Leukocyte recruitment to sites of inflammation is critical for the development of acute allergic responses. Rapid P-selectin up-regulation by endothelial cells is a key promoter of leukocyte infiltration in response to mediators such as histamine. However, the mechanisms underpinning this process are still incompletely understood. We examined the role of the sphingosine kinase/sphingosine-1-phosphate (SK/S1P) pathway and showed that in human umbilical vein endothelial cells, histamine rapidly activates SK in an extracellular signal-regulated kinase (ERK) 1/2-dependent manner, concurrent with the induction of P-selectin expression. Histamine activated both SK-1 and SK-2 isoforms; inhibition of SK-1, but not SK-2, attenuated histamine-induced P-selectin up-regulation and neutrophil rolling in vitro. S1P receptor antagonists failed to prevent histamine-induced P-selectin expression, and exogenous S1P did not increase P-selectin expression, suggesting that S1P cell surface receptors are not involved in this process. Finally, the role of both SK-1 and SK-2 in histamine-induced leukocyte rolling in vivo was assessed using pharmacological and genetic methods. Consistent with the in vitro findings, mice pretreated with either sphingosine kinase inhibitor or fingolimod (FTY720) significantly attenuated histamine-induced leukocyte rolling in the cremaster muscle. Similarly, Sphk1 -/- but not Sphk2 -/- mice exhibited reduced histamine-induced leukocyte rolling. These findings demonstrate a key role for SK-1 in histamine-induced rapid P-selectin up-regulation and associated leukocyte rolling, and suggest that endothelial SK-1 is an important contributor to allergic inflammation.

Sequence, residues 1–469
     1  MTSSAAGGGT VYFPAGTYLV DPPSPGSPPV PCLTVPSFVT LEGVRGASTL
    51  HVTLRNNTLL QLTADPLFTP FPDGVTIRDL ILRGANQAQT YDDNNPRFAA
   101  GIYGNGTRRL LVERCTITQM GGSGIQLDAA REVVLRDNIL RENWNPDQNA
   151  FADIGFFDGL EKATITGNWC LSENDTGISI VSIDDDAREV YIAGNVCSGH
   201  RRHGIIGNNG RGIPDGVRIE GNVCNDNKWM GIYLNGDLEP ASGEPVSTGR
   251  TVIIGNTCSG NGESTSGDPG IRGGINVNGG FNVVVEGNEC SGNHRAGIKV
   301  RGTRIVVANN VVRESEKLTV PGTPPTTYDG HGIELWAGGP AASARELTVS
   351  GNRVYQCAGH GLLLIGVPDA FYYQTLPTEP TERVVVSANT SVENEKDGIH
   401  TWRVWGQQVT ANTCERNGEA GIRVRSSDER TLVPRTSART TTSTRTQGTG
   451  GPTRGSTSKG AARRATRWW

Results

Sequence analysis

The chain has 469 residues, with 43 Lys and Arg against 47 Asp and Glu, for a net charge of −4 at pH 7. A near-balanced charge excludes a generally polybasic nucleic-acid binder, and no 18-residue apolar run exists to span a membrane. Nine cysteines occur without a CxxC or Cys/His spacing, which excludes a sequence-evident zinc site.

All Science Journal Classification (ASJC) codes
- Pathology and Forensic Medicine